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Drew Peterson and Stephen Peterson remember gun hand-off differently


 
On Saturday, Drew Peterson‘s son, Stephen Peterson, was fired from his job at the Oak Brook Police Department for accepting weapons from his father in the days following the disappearance of Stacy Peterson and in so doing, obstructing the investigation.

Today’s Herald News printed some comments from Drew Peterson taken from an email that Drew Peterson’s lawyer, Joel Brodsky, sent to them. Drew, reportedly “angry” over his son’s firing attempted to set the record straight as per his recollections of the exchange:

When I gave Steve my guns there was no investigation to impede,” Peterson said. “They were my favorite guns, and I was going to give them to Steve when I retired anyway. I only gave him three of the dozen or so guns I owned, and I kept most of my guns in my house and the police confiscated them all, so how could giving him those three guns impede anything?”

Interesting version of the facts, especially if one recalls that Stephen testified at his own hearing to save his job that he had received the guns because they were his fathers favorites and that he was worried they might be damaged when they were seized by law enforcement. Would it help if you heard Stephen say this with your own ears? Check out the video at the top of this post.

By the way, I realize that October 2007 was a long time ago, and maybe Drew has a hard time remembering the actual sequence of events surrounding the disappearance of his wife, but luckily the Internet has an uncanny ability to store information. According to online transcripts of the Nancy Grace show, there was an investigation as early as October 30—two days after Stacy disappeared:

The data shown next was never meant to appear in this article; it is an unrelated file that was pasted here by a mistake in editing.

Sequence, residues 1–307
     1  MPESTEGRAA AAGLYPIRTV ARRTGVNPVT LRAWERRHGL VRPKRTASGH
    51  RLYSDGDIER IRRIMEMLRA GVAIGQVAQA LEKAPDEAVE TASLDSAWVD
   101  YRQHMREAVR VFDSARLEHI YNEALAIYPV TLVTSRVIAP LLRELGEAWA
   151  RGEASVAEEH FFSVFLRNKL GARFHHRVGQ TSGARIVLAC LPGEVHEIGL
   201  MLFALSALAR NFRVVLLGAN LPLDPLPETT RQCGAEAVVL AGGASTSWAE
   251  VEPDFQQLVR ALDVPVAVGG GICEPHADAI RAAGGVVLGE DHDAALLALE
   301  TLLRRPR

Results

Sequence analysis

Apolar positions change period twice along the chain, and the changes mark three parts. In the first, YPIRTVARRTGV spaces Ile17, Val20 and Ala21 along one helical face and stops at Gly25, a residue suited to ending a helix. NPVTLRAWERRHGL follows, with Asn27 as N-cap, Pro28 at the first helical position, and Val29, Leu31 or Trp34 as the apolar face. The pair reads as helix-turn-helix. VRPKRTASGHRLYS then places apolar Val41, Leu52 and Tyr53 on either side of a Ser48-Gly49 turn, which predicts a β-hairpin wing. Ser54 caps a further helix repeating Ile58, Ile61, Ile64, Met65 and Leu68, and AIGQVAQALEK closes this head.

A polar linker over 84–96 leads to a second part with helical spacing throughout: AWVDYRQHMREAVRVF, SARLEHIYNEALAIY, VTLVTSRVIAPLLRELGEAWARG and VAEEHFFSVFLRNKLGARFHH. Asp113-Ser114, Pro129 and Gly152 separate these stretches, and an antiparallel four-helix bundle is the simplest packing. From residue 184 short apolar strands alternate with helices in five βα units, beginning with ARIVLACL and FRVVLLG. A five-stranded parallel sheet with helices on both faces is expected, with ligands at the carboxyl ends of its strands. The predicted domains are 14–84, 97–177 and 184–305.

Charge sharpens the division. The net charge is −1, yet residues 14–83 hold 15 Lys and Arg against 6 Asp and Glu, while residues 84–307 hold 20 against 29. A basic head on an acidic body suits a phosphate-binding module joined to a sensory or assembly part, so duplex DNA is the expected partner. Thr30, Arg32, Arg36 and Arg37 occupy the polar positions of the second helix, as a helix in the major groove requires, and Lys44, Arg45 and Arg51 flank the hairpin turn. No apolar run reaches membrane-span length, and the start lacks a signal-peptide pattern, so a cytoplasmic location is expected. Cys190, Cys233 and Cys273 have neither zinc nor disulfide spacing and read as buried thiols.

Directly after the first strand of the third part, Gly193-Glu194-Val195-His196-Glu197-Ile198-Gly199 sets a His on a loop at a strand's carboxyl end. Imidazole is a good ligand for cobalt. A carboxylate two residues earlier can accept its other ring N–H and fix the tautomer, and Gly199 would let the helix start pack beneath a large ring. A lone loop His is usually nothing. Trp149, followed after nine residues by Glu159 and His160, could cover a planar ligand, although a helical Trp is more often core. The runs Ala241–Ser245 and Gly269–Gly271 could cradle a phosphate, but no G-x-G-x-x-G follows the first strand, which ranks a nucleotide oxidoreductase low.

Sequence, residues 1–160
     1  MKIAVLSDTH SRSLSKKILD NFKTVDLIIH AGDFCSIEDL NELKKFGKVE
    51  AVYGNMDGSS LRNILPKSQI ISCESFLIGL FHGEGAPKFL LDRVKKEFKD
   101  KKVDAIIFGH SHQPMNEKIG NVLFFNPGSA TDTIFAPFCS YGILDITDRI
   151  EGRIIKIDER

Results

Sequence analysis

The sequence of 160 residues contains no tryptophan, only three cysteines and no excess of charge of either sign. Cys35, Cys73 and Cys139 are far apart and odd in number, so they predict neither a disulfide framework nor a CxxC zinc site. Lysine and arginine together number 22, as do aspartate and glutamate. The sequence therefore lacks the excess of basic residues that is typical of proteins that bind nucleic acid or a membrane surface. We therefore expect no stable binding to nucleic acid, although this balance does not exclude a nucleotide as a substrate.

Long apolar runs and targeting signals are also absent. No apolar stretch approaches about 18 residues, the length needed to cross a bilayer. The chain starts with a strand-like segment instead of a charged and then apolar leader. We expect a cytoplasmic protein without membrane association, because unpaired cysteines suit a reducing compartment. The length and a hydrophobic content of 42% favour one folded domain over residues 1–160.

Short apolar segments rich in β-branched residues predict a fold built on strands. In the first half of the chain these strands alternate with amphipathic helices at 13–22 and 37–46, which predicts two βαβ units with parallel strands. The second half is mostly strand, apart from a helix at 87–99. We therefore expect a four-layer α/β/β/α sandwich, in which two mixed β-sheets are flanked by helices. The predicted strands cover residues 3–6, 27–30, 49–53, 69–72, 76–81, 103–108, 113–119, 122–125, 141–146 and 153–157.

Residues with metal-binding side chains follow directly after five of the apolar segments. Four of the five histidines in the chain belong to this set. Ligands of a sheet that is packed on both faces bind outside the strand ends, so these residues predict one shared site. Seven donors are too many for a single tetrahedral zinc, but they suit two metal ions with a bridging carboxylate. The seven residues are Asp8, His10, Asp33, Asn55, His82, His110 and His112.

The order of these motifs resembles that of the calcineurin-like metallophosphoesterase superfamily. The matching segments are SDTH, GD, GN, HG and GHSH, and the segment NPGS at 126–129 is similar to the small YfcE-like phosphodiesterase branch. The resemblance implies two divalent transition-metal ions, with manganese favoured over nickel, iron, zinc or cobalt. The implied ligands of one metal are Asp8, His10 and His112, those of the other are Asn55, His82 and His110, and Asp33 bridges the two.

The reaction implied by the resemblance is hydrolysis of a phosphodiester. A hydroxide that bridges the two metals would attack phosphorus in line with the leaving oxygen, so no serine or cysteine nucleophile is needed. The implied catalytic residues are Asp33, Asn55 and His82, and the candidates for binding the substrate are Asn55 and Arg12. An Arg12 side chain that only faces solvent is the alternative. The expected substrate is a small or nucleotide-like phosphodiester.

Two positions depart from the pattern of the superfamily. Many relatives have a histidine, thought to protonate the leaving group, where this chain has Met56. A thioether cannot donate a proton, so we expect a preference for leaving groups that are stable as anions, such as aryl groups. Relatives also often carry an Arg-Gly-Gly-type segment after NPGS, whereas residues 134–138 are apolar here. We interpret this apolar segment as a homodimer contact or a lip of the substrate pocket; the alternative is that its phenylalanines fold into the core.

Aired October 30, 2007 – 20:00:00 ET

GRACE: With that, I agree. Everybody, we`re taking your calls live, but I want to tell you about a police sergeant`s wife gone missing. Maybe you can help. Take a listen.

(BEGIN VIDEO CLIP)

UNIDENTIFIED MALE: Investigators are searching for any clues in the whereabouts of 23-year-old Stacy Peterson of Bolingbrook. She was last heard from on Sunday morning when she was supposed to do some painting at a friend`s house but never showed up. State police are handling the investigation, but Bolingbrook police are also talking to family and friends. Right now they say there are no signs of foul play.

Yes, there was an investigation at the time of the gun transfer.

Even a lay person would know that law enforcement was going to be interested in in examining all of the weapons that Drew Peterson kept in his house. Both Drew Peterson and Stephen Peterson were police officers. They both knew that it would be an obstruction of justice to remove those guns. Is the public really supposed to believe that either of them are so ignorant of police protocol? If they are — then all the better that they are both off the force.

Read story at the Herald News
Decision rendered in Officer Peterson Discipline Matter

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Drew Peterson’s gun charge dismissal won’t be appealed

The Chicago Tribune has reported that prosecutors have decided not to appeal Judge Richard Schoenstadt‘s decision to dismiss the weapons charges against Drew Peterson.

After becoming the only suspect in the disappearance of his wife, Stacy Peterson, three years ago, Peterson’s home was searched and his weapons confiscated. He appealed successfully to have his confiscated weapons returned, but it was determined that one weapon, a Colt AR-15 had an illegal 11½-inch barrel and that led to his arrest on the illegal weapons charges.

Drew Peterson remains in jail awaiting trial for the murder of this third wife, Kathleen Savio.

Chicago Tribune Story

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Drew Peterson back in court today on weapons charges


In classic Drew Peterson PR style, another letter from Drew was distributed to the media outlets coinciding with a court date. The letter was yet another invitation to a Pity Party for Drew Peterson, this time claiming that law enforcement and the media were targeting his children in order to harm Peterson.